Are Bananas Low FODMAP? Bananas are one of the most nutritionally packed fruits in the world. They’re incredibly popular, and they’re high in potassium, vitamin B6, fiber, and carbohydrates. They’re often recommended as a mid morning snack, as they release energy slowly, but are bananas low FODMAP?
The Monash University tests foods for FODMAP’s, but sometimes they will retest if there’s reports of problems, or if the agricultural, or environmental factors have changed. Bananas are one of the foods that have been retested, and actually, the results have changed.
So Are Bananas Low FODMAP?
Dried bananas can be a great tasting, nutritious snack, and they are low FODMAP. According to the Monash University testing a serving is 10 chips.
An unripe medium banana is low FODMAP, but a large unripe banana is high FODMAP. However, a ripe medium banana is high FODMAP, and even half of a medium ripe banana is high FODMAP. A third of a ripe medium banana is low FODMAP. So, you need to pay close attention to the serving size you’re eating.
Sugar bananas are also known as Fig bananas, Finger bananas, Date bananas, Lady Fingers, or Sucrier bananas. They’re sweeter than the common banana, and are shorter and fatter than the common banana as well. They’re green to start, and turn to yellow as they ripen. A firm, semi-ripe sugar banana is low FODMAP in a single serve of one medium banana. The same serving size is high FODMAP if the banana is fully ripe. A moderate serve of 3/4 of a medium banana is medium FODMAP, while a half serve of half a medium banana is low FODMAP.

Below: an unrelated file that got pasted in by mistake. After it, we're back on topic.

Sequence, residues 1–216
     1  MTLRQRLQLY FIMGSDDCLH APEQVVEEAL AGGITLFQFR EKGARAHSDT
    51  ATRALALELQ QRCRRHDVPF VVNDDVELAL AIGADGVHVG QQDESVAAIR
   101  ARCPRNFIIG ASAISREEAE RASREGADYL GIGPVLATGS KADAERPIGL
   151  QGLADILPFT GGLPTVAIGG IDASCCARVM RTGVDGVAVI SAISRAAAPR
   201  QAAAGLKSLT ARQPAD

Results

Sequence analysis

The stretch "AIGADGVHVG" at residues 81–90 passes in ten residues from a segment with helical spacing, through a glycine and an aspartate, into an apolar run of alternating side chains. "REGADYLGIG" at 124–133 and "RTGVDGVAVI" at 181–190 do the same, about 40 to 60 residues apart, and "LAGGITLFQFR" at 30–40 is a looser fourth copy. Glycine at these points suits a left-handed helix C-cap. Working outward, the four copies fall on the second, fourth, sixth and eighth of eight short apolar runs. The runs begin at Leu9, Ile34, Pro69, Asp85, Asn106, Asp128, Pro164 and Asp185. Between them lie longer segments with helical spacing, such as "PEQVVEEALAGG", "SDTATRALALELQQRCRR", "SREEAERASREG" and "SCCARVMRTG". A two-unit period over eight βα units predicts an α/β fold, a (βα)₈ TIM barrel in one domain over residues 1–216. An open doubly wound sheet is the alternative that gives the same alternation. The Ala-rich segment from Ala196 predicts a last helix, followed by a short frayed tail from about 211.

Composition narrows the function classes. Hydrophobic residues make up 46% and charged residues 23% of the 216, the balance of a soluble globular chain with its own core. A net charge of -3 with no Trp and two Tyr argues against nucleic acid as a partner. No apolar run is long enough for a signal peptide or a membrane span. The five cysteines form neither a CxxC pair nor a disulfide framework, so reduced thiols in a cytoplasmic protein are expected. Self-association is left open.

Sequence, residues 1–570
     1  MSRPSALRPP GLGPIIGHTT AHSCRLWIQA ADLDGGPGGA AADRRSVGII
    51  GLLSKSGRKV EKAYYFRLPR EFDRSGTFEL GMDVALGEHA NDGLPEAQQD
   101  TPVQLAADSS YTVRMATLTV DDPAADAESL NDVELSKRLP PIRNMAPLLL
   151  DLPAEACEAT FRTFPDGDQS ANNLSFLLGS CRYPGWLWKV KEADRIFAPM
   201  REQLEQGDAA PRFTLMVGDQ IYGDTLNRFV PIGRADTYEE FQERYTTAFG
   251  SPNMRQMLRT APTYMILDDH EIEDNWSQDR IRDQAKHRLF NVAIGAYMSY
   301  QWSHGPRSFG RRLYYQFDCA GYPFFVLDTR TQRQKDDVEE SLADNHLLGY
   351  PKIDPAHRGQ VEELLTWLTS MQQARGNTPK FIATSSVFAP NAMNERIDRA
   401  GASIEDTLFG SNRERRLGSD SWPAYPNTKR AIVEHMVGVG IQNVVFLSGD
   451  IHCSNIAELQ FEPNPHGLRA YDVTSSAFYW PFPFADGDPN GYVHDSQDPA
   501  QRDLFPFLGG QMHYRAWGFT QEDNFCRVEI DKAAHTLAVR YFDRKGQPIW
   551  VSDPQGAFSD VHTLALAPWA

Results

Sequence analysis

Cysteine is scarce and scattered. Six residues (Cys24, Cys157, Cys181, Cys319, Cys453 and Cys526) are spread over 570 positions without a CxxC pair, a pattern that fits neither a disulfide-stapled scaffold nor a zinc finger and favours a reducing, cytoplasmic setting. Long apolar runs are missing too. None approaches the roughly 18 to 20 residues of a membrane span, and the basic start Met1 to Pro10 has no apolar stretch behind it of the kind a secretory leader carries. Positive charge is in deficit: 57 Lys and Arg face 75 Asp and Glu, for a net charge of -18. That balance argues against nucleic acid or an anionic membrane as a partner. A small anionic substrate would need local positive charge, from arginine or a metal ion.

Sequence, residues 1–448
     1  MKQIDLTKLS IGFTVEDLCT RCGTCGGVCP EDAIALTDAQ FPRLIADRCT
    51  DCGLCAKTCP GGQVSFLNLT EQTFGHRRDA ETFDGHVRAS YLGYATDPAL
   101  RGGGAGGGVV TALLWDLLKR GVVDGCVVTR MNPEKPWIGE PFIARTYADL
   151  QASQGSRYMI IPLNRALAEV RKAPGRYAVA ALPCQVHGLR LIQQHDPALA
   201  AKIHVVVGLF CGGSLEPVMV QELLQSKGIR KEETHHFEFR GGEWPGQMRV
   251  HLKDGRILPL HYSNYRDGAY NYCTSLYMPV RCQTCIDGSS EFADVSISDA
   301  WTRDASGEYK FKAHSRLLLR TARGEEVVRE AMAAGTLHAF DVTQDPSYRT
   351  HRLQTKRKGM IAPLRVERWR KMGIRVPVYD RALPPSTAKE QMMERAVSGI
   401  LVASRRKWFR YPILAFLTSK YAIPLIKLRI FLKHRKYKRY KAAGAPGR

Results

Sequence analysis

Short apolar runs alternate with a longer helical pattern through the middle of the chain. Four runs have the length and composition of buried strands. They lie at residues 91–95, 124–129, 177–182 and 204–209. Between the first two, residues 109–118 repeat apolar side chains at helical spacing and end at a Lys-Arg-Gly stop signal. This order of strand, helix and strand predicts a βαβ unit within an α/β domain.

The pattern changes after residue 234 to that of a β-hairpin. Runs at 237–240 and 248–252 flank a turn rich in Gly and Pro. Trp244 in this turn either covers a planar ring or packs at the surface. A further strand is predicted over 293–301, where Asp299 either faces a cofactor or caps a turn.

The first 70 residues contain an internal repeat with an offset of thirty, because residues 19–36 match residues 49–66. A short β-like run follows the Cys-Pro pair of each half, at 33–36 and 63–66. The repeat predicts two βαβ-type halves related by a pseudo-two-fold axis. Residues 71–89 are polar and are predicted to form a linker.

Why Has The FODMAP Results Of Bananas Changed?
There’s a few reasons why the FODMAP content of bananas has changed. First, plants tend to increase the fructans as a response to an environmental stressors, like cool temperatures, or a drought. They do this as the fructans make the fruit more resistant to damage. So there may be very different environmental factors in play that have changed since bananas were first tested. Secondly, supermarkets tend to store and ripen the bananas in cold storage, which also increases the fructan content. Lastly, banana farmers could be purposely breeding banana varieties with a higher fructan content, as these plants are hardier, and more able to withstand pests, diseases, and environmental factors.
Can You Eat Bananas?
It depends. If you don’t react to bananas then there’s no reason why you can’t continue to eat them, as long as you pay close attention to the size, and ripeness of the banana. However, you should be aware that ripe bananas also contain amines. Amines are not FODMAPs, but they can cause symptoms of gastrointestinal distress. Unripe bananas contain resistant starch, which again isn’t a FODMAP, but is a prebiotic fiber. This fiber can ferment in the gut, and give you gastrointestinal symptoms. Every person is different and it may take you some time to work out how much banana you can eat.